‘Price is Right’ Model Sues|for Sexual Harassment

     LOS ANGELES (CN) – A former model on “The Price is Right” claims the sexual harassment she suffered from two producers culminated with her collapsing on the set after one man gave her the silent treatment and the other berated her while she stood nearly naked, cornered in a dressing room.
     Lanisha Cole sued “Price is Right” producers Michael Richards and Adam Sandler and production company Fremantle Media North America, in Superior Court.
     Richards and Sandler are not the actors of the same names.
     Cole alleges sexual harassment, false imprisonment, retaliation, wrongful constructive firing, and other claims.
     The 29-year-old says the trouble began in December 2009, six years after her debut on the long-running show, when Richards refused to talk to her “about anything … under any circumstance.”
     She claims Richards offered her only limited direction through messages passed through other models.
     Cole says she became “alarmed” when she found out Richards was dating Amber Lancaster, another model on the show, and says he openly favored the co-worker.
     In September 2010, Cole says, Sandler stormed into her dressing room and yelled at her as she stood nearly naked, clad only in a sheer thong, after she failed to wear a microphone during a show.
     “Sandler continued to verbally berate Plaintiff, while his eyes were free to look at her exposed breasts and entire body,” the complaint states.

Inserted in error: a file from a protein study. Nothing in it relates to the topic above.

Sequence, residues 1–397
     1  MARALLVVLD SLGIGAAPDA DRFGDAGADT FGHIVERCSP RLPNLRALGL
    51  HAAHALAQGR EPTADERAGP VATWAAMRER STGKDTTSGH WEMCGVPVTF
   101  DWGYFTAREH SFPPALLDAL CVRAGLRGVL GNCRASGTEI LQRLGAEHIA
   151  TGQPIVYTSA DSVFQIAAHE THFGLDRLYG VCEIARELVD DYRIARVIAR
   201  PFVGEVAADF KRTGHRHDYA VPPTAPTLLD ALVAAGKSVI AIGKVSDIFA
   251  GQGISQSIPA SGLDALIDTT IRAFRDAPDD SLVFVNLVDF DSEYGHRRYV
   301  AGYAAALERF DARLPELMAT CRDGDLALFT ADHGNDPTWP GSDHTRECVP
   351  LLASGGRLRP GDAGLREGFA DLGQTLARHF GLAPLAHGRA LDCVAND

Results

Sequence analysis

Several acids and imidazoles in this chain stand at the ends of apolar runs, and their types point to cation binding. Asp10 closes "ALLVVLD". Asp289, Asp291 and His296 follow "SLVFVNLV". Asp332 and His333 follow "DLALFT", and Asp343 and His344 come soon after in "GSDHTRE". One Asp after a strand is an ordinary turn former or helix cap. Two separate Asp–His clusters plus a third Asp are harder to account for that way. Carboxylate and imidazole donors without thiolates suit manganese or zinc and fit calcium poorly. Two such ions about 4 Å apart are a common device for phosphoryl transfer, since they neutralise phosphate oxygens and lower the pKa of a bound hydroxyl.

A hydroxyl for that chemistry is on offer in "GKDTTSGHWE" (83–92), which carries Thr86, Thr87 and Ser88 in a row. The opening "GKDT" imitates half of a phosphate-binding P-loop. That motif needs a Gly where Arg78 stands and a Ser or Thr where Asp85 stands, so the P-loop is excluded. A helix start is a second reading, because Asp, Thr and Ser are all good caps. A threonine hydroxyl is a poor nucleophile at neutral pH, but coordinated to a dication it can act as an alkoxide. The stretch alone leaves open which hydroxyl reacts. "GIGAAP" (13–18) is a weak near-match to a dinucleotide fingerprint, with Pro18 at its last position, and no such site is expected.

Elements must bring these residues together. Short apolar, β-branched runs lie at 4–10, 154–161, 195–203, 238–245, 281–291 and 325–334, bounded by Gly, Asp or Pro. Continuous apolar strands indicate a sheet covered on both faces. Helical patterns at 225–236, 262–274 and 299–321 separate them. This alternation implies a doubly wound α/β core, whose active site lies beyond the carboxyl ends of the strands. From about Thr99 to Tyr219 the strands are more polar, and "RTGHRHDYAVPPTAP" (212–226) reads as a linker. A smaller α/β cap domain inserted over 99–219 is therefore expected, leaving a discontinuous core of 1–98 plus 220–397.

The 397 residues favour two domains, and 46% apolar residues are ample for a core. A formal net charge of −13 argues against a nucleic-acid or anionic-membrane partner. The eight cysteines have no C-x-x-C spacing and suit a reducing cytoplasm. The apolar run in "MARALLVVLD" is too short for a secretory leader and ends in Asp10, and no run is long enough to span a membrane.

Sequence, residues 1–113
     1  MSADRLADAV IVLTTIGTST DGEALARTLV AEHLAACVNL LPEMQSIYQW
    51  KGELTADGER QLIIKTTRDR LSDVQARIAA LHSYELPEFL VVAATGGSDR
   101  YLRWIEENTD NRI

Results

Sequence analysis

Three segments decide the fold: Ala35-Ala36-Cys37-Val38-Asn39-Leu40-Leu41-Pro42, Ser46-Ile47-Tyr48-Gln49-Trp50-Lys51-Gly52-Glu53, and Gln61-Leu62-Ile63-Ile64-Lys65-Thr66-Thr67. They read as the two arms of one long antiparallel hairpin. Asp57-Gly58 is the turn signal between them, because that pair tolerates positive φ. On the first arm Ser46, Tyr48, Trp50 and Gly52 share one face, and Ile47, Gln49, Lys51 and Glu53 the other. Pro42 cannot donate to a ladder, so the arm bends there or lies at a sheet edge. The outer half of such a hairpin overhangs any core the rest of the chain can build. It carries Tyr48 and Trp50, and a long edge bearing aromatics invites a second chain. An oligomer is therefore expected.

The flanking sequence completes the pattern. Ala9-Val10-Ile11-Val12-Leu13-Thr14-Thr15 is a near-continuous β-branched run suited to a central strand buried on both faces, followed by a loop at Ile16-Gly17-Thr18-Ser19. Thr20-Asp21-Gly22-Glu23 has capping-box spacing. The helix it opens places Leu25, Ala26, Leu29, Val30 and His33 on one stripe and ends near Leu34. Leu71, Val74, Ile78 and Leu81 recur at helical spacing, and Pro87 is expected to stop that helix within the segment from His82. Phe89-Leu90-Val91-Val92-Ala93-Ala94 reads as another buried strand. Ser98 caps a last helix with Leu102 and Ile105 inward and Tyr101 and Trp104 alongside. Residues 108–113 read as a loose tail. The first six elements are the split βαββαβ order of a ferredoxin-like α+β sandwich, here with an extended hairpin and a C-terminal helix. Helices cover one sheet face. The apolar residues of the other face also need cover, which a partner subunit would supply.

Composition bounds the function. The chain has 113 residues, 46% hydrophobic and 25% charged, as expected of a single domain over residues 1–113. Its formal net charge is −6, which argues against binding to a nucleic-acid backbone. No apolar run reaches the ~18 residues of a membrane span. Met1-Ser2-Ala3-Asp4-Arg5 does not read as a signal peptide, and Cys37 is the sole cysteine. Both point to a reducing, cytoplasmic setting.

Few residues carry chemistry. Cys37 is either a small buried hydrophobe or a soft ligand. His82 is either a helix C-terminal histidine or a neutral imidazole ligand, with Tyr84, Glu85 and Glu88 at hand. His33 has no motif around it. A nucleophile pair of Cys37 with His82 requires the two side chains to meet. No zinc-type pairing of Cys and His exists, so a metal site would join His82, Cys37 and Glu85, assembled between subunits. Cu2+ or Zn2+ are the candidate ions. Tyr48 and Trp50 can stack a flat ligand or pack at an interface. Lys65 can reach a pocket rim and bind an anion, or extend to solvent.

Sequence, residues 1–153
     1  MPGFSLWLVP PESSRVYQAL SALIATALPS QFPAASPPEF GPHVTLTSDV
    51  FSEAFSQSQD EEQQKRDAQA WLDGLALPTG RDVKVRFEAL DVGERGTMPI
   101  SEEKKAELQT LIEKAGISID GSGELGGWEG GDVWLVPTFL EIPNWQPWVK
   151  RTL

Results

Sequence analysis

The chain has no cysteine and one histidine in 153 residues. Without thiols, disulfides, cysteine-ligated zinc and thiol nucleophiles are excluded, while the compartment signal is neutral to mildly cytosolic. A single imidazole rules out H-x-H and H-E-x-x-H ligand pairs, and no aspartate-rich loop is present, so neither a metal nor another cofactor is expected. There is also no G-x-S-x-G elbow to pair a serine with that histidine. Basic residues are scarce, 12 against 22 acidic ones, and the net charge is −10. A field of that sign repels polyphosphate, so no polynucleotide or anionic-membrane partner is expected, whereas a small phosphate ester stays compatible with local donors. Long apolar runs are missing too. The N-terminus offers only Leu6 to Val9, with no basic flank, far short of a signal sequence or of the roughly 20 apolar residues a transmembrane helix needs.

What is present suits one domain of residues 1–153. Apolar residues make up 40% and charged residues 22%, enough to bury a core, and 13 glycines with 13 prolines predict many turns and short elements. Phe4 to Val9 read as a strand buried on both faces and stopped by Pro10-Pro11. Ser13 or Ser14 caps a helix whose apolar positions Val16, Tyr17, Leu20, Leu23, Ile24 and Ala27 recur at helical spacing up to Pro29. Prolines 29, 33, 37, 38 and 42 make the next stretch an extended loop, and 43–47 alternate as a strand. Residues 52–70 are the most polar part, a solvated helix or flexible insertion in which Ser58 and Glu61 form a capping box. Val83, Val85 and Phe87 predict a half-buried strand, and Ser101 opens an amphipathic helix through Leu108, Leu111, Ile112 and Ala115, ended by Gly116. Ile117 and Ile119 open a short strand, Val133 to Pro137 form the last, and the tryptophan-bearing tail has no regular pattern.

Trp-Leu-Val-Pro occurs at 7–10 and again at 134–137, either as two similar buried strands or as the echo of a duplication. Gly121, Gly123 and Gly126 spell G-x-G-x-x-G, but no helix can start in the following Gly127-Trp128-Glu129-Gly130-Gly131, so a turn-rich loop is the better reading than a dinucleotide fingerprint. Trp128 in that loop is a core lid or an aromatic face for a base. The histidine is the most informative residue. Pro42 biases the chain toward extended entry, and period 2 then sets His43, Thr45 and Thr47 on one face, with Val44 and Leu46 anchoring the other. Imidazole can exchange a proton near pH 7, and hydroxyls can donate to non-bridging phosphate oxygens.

Cole says she was “frozen with shock and humiliation” during the outburst.
     On Oct. 25, 2010, Cole says, she “suffered an extreme physical reaction during the TPIR show that day, and collapsed on the set” just before a meeting with Richards and a human resources representative. She claims that at the meeting Richards apologized to her, but “no mention was made of the favoritism being shown Ms. Lancaster … nor was any discussion held concerning defendant Sandler’s behavior.”
     In December 2010, Cole said she asked to take one day off to visit family in New York, Freemantle told her that models were not allowed to break up their work schedule under company policy.
     Cole claims “there was no such policy in existence at the time” and that Fremantle Media eventually “admitted that no such policy existed.”
     She claims that Lancaster showed up late for work and missed days, too, but suffered no consequences, due to her relationship with Richards.
     After she returned from New York, Cole says, Fremantle Media held a meeting during which it accused her of “‘holding the show hostage’ over the hostile working environment about which she had complained.”
     Cole says she suffered another “severe physical reaction to the stress and anxiety,” which prompted her to quit that day.
     She seeks damages for medical expenses, lost job opportunities, and “extreme and severe physical and mental anguish and emotional distress.”
     She is represented by Solomon Gresen with the Rheuban & Gresen, of Encino.

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